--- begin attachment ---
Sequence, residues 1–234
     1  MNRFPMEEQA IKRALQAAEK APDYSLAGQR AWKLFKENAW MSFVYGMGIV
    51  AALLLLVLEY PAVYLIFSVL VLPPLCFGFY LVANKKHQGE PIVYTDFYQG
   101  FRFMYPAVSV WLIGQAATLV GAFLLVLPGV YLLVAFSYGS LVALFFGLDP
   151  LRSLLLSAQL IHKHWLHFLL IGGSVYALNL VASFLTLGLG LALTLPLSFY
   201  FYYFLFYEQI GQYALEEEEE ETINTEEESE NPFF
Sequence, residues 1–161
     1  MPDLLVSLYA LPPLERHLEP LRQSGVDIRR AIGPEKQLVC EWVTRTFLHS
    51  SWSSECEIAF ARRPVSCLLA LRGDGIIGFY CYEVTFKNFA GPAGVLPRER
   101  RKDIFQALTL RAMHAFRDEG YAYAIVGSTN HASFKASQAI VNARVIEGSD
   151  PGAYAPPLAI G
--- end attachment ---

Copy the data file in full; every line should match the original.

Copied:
Sequence, residues 1–234
     1  MNRFPMEEQA IKRALQAAEK APDYSLAGQR AWKLFKENAW MSFVYGMGIV
    51  AALLLLVLEY PAVYLIFSVL VLPPLCFGFY LVANKKHQGE PIVYTDFYQG
   101  FRFMYPAVSV WLIGQAATLV GAFLLVLPGV YLLVAFSYGS LVALFFGLDP
   151  LRSLLLSAQL IHKHWLHFLL IGGSVYALNL VASFLTLGLG LALTLPLSFY
   201  FYYFLFYEQI GQYALEEEEE ETINTEEESE NPFF
Sequence, residues 1–161
     1  MPDLLVSLYA LPPLERHLEP LRQSGVDIRR AIGPEKQLVC EWVTRTFLHS
    51  SWSSECEIAF ARRPVSCLLA LRGDGIIGFY CYEVTFKNFA GPAGVLPRER
   101  RKDIFQALTL RAMHAFRDEG YAYAIVGSTN HASFKASQAI VNARVIEGSD
   151  PGAYAPPLAI G